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Clin Pharmacokinet. 1983 Nov-Dec;8(6):523-9.

Clinical pharmacokinetics of metoclopramide.


Metoclopramide is rapidly and well absorbed from the gastrointestinal tract, and in man undergoes variable first-pass metabolism (oral bioavailability 32 to 100%). In man, N-4 sulphate conjugation is an important pathway of metabolism and after oral administration the ratio of free to conjugated metoclopramide in urine correlates with the plasma AUC. The elimination half-life of metoclopramide is dose-dependent after both intravenous and oral administration of single doses between 5 and 20mg. Metabolic profiles in animal species studied are very different from man. The clearance of metoclopramide is reduced in patients with renal failure to approximately 50% of normals and the terminal half-life is prolonged; this is despite the fact that renal clearance of free drug accounts for only 20% of the administered dose in normals. Preliminary studies after 'high dose' metoclopramide demonstrate accumulation to high plasma concentrations with linear kinetics, suggesting that current high dose regimens are unnecessarily cumbersome.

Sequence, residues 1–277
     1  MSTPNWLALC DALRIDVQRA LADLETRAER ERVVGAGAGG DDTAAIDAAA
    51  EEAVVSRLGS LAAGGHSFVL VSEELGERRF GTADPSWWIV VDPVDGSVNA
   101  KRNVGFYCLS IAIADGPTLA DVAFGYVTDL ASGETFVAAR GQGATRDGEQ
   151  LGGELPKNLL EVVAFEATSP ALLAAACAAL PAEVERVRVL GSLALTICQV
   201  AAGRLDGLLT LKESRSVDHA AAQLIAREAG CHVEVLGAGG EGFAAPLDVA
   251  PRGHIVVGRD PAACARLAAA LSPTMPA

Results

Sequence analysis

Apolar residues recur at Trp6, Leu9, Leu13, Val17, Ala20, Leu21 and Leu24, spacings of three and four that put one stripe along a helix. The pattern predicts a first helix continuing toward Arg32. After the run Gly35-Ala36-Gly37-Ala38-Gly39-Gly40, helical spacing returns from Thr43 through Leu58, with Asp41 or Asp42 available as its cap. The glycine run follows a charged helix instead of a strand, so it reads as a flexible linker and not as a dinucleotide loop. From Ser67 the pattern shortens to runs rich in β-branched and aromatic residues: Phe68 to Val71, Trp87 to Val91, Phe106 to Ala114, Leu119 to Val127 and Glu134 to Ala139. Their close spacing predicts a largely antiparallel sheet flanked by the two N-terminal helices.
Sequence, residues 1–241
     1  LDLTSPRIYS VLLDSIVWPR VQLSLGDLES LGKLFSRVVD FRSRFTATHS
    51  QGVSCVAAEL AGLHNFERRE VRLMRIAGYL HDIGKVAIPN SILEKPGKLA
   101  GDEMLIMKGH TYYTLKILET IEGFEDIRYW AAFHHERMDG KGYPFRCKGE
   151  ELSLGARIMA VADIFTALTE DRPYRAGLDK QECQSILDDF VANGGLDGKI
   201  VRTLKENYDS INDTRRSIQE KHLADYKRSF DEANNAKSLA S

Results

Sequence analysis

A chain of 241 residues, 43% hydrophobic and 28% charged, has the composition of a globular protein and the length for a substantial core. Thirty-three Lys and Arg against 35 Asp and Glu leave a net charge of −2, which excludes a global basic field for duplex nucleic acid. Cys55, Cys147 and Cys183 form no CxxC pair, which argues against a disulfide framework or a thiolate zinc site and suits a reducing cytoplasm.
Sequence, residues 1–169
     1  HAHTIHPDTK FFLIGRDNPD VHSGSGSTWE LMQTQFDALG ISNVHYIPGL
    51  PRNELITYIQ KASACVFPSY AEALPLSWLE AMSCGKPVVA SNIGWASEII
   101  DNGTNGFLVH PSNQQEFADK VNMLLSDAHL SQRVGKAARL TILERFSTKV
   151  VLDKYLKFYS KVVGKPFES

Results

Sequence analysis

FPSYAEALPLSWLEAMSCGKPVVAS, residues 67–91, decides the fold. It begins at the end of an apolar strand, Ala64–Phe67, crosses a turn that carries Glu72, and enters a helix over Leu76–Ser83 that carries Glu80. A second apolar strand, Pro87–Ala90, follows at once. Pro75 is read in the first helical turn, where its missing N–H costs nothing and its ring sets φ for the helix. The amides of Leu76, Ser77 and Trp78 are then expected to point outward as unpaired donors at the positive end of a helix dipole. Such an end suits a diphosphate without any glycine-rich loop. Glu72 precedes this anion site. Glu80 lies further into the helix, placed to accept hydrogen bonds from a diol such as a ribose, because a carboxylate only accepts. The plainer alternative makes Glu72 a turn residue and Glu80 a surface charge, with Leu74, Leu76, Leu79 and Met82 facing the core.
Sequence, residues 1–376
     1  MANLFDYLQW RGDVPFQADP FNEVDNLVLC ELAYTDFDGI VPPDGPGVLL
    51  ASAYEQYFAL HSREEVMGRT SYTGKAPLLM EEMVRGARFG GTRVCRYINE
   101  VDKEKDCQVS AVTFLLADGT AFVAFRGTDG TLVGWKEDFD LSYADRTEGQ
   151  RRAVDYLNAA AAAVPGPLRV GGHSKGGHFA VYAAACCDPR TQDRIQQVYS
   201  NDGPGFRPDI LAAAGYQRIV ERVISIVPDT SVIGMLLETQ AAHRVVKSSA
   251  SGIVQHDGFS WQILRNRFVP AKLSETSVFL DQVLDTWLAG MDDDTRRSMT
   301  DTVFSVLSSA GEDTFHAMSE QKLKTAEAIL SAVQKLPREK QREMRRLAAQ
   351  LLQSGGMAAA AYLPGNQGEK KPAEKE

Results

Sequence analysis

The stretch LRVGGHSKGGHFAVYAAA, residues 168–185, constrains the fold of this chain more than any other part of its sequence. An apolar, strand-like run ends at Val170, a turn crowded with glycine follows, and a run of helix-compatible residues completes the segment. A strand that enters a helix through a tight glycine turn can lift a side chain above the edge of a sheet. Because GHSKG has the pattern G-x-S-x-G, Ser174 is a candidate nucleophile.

[Indexed for MEDLINE]

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